Archive for the 'Business' Category
Posted by Zenpundit on 9th March 2014 (All posts by Zenpundit)
cross-posted to zenpundit.com
The Union League Club of Chicago Building
Yesterday, I attended the 2014 Midwest Business & Markets Conference at the historic Union League Club of Chicago. While business conferences are far afield from my usual interests, the main draw for me was seeing Lexington Green speak about the book he co-authored with James C. Bennett, America 3.0
Michael J. Lotus (“Lex”) His book
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Posted in Anglosphere, Business, Chicagoania, Civil Society, Deep Thoughts, Diversions, Economics & Finance, Education, Entrepreneurship, Illinois Politics, Internet, Political Philosophy, Politics, Society, The Press, USA | 1 Comment »
Posted by Carl from Chicago on 8th March 2014 (All posts by Carl from Chicago)
I live in the River North area of Chicago, which is full of restaurants of every type and description. There is also intense competition among many of the smaller restaurant groups, since apparently some level of scale (5+ or more restaurants) is helpful and these restaurants tend to have very high levels of food quality and service, based on my experience.
When you interact with the bar staff, hostess, and server you can usually tell if you are working with someone who is “going through the motions” or someone “who is good at their job”. There are many subtle details that are much larger than “getting your order right” – they include knowledge about the food and presentation, recommendations based upon your input, and generally anticipating needs and solving problems without having to be prompted many times.
Recently I’ve come to the preliminary conclusion that many of the waitresses and servers in these higher end restaurant groups must have gone to college and are well educated. When you talk with them they are very sharp and quick and they seem to have the type of drive or energy that could make them successful in a variety of careers. I would never ask them directly because that’s none of my business and it could embarrass them.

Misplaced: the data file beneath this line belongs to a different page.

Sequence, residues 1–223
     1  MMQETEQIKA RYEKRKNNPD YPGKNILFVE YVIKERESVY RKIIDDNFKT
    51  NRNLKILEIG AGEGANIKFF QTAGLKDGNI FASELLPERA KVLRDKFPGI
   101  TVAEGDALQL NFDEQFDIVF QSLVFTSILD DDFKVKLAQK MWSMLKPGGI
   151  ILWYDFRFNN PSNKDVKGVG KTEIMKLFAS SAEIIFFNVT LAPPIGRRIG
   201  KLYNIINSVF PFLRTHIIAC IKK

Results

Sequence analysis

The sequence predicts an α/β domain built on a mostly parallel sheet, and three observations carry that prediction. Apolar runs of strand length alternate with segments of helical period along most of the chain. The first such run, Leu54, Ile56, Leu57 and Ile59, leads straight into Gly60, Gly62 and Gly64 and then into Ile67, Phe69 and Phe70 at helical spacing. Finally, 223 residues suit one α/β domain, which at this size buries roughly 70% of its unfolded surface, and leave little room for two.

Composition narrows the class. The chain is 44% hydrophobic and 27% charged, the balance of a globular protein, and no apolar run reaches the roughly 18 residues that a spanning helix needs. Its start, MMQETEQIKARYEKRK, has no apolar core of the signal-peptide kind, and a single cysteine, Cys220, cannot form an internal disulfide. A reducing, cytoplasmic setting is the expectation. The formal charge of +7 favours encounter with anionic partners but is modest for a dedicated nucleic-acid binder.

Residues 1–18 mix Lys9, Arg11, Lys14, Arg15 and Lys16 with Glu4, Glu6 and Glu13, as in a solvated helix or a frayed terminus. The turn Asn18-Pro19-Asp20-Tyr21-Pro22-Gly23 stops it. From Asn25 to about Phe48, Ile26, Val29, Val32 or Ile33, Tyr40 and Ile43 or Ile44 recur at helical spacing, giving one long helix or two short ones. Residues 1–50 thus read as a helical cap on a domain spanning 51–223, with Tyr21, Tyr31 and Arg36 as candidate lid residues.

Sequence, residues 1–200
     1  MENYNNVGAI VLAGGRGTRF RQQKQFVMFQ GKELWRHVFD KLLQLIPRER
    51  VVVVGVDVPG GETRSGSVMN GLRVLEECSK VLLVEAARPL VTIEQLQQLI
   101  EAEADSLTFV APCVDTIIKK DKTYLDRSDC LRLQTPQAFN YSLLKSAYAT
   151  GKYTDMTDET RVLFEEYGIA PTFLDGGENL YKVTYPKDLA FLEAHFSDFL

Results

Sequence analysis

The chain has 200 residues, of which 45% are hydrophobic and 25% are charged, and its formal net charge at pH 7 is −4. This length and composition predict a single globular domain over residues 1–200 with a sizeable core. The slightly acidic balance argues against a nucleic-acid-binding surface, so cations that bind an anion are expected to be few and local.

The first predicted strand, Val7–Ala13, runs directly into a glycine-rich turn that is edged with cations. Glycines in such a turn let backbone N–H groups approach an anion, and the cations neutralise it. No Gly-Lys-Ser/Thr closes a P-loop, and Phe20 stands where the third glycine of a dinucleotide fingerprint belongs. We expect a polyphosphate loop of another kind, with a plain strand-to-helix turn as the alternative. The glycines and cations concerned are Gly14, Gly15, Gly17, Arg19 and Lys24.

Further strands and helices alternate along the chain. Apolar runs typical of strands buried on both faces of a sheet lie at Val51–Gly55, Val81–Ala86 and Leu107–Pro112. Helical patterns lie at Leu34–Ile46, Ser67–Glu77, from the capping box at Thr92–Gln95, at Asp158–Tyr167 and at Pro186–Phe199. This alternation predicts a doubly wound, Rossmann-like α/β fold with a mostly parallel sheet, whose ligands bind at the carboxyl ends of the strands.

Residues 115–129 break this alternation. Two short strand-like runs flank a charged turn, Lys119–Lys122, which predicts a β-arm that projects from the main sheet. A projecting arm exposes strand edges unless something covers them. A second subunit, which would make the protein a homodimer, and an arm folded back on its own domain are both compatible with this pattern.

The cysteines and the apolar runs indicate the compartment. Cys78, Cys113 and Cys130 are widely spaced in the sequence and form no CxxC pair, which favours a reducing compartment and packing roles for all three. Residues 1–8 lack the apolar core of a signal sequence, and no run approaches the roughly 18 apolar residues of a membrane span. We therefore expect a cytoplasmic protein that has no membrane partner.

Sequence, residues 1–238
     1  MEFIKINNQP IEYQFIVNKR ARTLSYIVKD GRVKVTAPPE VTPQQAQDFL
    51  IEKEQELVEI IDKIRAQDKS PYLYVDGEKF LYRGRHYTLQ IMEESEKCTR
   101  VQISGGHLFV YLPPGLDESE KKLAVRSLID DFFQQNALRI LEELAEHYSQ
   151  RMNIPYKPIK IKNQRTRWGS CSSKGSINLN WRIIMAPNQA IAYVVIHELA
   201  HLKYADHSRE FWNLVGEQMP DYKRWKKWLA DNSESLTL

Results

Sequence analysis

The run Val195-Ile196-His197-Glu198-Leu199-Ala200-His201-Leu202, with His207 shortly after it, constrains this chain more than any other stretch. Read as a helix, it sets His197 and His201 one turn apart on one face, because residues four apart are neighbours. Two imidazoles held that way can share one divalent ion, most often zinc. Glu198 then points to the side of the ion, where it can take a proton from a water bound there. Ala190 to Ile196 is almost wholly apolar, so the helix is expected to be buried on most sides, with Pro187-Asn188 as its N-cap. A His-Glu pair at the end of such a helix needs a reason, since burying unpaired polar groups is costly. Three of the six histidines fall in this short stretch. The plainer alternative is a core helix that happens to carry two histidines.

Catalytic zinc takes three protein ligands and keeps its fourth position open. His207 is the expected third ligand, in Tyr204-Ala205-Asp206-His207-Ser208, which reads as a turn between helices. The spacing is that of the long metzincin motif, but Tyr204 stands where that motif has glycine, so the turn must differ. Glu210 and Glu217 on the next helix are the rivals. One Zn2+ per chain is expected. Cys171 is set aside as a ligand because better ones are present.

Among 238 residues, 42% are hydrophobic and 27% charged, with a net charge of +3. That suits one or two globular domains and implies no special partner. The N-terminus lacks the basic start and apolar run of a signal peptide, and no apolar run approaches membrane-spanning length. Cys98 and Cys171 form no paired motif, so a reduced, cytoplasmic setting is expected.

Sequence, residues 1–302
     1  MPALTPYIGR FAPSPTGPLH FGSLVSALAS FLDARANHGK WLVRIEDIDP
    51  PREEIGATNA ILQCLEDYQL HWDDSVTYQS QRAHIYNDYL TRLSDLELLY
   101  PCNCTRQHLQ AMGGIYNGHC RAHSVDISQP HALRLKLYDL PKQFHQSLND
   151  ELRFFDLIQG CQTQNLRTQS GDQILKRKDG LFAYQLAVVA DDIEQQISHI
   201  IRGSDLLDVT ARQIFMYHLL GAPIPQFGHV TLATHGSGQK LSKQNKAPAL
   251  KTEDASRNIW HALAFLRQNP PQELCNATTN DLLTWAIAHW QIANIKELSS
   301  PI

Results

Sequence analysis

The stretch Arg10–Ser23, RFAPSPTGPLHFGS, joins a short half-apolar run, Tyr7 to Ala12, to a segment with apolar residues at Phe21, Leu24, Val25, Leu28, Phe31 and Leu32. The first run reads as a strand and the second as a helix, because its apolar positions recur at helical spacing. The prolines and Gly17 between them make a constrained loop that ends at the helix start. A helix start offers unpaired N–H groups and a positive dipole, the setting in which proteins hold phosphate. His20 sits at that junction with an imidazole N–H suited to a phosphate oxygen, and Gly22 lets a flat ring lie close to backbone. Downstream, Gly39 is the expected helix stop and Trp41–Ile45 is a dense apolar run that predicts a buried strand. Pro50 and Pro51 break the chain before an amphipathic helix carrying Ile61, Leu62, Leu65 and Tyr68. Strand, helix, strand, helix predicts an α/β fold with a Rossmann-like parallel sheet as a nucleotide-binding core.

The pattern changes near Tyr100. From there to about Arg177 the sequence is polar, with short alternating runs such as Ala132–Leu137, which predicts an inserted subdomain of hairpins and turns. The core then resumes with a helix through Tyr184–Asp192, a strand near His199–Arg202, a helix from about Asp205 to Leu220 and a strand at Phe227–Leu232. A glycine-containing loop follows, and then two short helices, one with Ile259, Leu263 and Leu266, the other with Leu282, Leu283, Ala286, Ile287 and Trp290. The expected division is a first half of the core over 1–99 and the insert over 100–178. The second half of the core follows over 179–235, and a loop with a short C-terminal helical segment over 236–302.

This article form Bloomberg titled “College Graduates Taking Low Wage Jobs Displace Less Educated” confirms at least my anecdotal impressions here in Chicago.
She got a job as a hostess at Blackbird, a One Off restaurant, while pursuing a bachelor’s degree in Germanic studies and communications at the University of Illinois at Chicago in 1999. “The formality of classes, papers and grades did lend a hand in where I am today because I had a broader sense of cultures, interactions and interpersonal skills,” said Galban, who is now also a partner at the restaurant Nico Osteria, one of seven Chicago restaurants managed by One Off. Of the company’s more than 700 employees, more than 60 percent hold college degrees or higher, yet fewer than 10 positions require a degree, Galban said.
The willingness of college educated adults to take on these jobs will likely cause at least three side effects, one of which was the “main” topic of the Bloomberg article I linked to above:
1. These restaurants will be more competitive than typical restaurants, because the higher educated and higher skilled workers will drive customer satisfaction and drive efficiencies within the food and drink serving processes. As these workers move “up the chain” at the restaurants, they will also offer career paths for other college degree holders as well
2. Less-skilled workers will have less opportunities because they won’t be able to compete with these individuals. It would be a simple “screen” to give preference to individuals with a degree who apply for jobs, even if it isn’t a requirement of the job. In the past the assumption was that if someone “over-qualified” would work at your restaurant or business, they would leave immediately when a new opportunity arises, but in today’s stagnant economy (especially in Illinois) there don’t seem to be a lot of opportunities for them to “jump to”.
3. Since the cost of higher education is so high today, parents need to think of how they will feel when their liberal arts (or lackadaisical business) degree holding children are potentially serving them in a restaurant, and if this is worth the vast expense and financial impact of the degree that they are seeking